Do you and your dog crave new heights, sweeping views, and rewarding physical challenges? Then rock-climbing with your canine might be the hobby for you!
While the logistics of climbing with your canine may seem like an impossible challenge, it’s a gratifying pastime for the right climber and dog. Armed with the proper equipment and safety in mind, you and your pup can enjoy hours of fresh air, sunshine, and exercise!
Below, we’ll offer some safety tips and ideas for climbing with your canine, plus we’ll identify a dog climbing harness that will help keep your pooch safe while scaling your next big slab. You and Rover will be ready to climb in no time!
Best Dog Climbing Harness: Key Takeaways
- With proper planning, the right equipment, and an eye toward safety, it is possible to rock climb with your canine.
- Along with all of your typical rock-climbing equipment, you’ll need a climbing harness for your dog. The Ruffwear Dog Climbing Harness is easily the best option on the market.
- Before you grab your dog and head for the mountains, you’ll want to carefully consider if you and your dog are up to the challenge.
Is It Safe to Climb with a Dog?
Climbing with your canine isn’t a decision that you should take lightly. So, before you start gathering equipment and picking a destination, take a step back and consider safety first.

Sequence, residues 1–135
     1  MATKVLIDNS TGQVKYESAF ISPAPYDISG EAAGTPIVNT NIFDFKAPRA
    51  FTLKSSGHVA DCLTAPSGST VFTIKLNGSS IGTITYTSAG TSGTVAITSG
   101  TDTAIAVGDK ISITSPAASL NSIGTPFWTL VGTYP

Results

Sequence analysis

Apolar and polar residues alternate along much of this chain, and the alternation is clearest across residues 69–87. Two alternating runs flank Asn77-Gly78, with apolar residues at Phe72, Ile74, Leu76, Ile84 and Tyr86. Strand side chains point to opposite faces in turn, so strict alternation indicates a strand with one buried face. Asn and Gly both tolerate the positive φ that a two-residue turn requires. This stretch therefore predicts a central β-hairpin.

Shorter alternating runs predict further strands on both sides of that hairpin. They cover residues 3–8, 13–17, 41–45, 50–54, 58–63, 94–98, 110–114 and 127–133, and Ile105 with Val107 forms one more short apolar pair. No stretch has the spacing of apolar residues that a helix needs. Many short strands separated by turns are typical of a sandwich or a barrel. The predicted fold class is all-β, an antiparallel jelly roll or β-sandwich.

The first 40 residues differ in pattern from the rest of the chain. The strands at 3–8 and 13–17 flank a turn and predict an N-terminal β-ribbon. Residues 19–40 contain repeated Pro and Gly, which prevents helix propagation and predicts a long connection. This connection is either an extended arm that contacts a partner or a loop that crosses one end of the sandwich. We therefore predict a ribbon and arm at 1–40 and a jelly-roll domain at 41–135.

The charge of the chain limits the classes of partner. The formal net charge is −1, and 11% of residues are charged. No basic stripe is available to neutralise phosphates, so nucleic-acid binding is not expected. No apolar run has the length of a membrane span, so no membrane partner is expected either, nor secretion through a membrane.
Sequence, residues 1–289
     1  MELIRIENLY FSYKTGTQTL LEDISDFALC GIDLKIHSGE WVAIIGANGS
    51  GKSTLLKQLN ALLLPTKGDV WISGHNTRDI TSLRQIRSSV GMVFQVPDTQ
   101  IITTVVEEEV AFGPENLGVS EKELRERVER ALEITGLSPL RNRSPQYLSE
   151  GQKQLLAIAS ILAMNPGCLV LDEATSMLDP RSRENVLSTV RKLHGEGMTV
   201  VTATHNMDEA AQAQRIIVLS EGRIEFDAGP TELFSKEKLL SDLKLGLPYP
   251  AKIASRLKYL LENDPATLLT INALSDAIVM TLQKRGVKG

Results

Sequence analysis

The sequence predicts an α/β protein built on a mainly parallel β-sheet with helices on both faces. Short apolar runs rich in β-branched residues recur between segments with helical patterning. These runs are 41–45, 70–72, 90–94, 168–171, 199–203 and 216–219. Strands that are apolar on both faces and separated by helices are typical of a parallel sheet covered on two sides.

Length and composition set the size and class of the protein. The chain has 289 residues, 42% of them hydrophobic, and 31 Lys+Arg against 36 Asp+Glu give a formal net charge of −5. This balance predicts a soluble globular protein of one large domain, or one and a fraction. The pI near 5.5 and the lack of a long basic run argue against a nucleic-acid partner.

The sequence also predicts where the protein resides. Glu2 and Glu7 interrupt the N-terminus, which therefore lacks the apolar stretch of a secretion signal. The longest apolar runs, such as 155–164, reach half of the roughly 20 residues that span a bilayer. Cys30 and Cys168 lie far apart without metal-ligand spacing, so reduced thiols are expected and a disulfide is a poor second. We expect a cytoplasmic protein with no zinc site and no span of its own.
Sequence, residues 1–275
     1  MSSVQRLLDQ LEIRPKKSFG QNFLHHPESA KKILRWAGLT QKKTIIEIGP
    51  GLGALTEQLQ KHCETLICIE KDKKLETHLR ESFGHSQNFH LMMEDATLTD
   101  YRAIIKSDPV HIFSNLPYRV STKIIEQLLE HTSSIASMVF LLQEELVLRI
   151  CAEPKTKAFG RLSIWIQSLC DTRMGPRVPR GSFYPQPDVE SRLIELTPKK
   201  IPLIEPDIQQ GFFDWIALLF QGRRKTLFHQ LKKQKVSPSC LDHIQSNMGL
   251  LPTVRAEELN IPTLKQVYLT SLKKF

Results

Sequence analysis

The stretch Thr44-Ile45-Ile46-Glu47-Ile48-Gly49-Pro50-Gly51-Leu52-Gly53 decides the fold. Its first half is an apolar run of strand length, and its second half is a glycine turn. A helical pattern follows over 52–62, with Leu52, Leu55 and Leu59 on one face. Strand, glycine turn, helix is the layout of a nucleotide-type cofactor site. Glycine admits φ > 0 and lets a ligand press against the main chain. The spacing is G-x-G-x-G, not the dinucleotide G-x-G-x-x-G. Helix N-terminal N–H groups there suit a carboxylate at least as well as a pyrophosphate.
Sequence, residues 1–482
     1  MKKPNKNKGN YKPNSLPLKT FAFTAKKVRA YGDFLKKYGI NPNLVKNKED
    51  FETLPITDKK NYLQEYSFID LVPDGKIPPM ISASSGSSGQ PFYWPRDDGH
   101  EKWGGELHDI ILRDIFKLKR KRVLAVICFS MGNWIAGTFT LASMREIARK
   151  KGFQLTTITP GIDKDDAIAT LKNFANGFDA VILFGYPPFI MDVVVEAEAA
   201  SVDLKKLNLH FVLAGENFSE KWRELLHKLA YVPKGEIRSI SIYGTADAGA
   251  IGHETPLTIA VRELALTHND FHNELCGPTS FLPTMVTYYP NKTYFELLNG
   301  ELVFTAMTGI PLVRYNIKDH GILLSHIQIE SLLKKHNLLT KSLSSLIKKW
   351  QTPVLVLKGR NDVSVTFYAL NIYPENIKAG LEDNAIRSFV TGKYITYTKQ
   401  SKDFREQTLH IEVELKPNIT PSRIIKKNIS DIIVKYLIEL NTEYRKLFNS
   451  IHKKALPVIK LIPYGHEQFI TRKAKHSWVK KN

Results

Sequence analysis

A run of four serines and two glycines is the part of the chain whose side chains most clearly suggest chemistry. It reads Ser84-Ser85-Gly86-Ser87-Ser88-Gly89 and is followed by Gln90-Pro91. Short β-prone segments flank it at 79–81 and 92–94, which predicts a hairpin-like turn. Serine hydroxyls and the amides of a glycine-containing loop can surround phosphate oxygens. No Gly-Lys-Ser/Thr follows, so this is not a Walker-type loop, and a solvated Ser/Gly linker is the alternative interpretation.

Any climb presents a significant risk, for both you and your pooch – some climbs more so than others.
All climbers know that particularly challenging climbs pose a risk of fatal injury. And even with simpler climbs, there’s at least some risk of a twisted ankle, a fall, or other type of bodily harm. That said, the rewards still outweigh the risk for many.
Here are some of the major factors to consider before you start out:
- Your climbing skill. Is this your first time scaling a cliff after graduating from the climbing gym? Then it’s probably best to leave your hound at home. Get some hands-on experience and learn the ropes yourself before you add your precious pooch to the mix.
- Your dog’s temperament. Certain outdoor-adventuring breeds tend to enjoy the outdoors more than others. If you have a skittish canine or one that’s not the adventurous type, climbing will likely be an unappealing pastime for him. Make sure your canine is comfortable with new and daring situations before you set out on an exciting escapade!